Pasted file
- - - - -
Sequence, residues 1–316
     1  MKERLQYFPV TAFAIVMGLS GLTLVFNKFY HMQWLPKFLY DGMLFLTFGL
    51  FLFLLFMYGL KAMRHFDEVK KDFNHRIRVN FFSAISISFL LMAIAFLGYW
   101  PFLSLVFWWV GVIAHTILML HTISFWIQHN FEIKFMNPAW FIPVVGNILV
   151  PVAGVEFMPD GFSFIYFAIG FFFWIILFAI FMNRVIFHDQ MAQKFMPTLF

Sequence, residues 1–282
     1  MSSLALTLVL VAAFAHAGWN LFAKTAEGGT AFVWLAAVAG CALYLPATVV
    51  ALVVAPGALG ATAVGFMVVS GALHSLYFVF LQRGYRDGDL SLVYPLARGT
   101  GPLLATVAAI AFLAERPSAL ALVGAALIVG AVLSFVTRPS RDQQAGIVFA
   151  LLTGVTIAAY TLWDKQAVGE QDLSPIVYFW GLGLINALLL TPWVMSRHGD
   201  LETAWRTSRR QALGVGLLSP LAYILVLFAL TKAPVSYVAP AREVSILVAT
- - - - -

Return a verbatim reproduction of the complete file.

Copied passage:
Sequence, residues 1–316
     1  MKERLQYFPV TAFAIVMGLS GLTLVFNKFY HMQWLPKFLY DGMLFLTFGL
    51  FLFLLFMYGL KAMRHFDEVK KDFNHRIRVN FFSAISISFL LMAIAFLGYW
   101  PFLSLVFWWV GVIAHTILML HTISFWIQHN FEIKFMNPAW FIPVVGNILV
   151  PVAGVEFMPD GFSFIYFAIG FFFWIILFAI FMNRVIFHDQ MAQKFMPTLF

Sequence, residues 1–282
     1  MSSLALTLVL VAAFAHAGWN LFAKTAEGGT AFVWLAAVAG CALYLPATVV
    51  ALVVAPGALG ATAVGFMVVS GALHSLYFVF LQRGYRDGDL SLVYPLARGT
   101  GPLLATVAAI AFLAERPSAL ALVGAALIVG AVLSFVTRPS RDQQAGIVFA
   151  LLTGVTIAAY TLWDKQAVGE QDLSPIVYFW GLGLINALLL TPWVMSRHGD
   201  LETAWRTSRR QALGVGLLSP LAYILVLFAL TKAPVSYVAP AREVSILVAT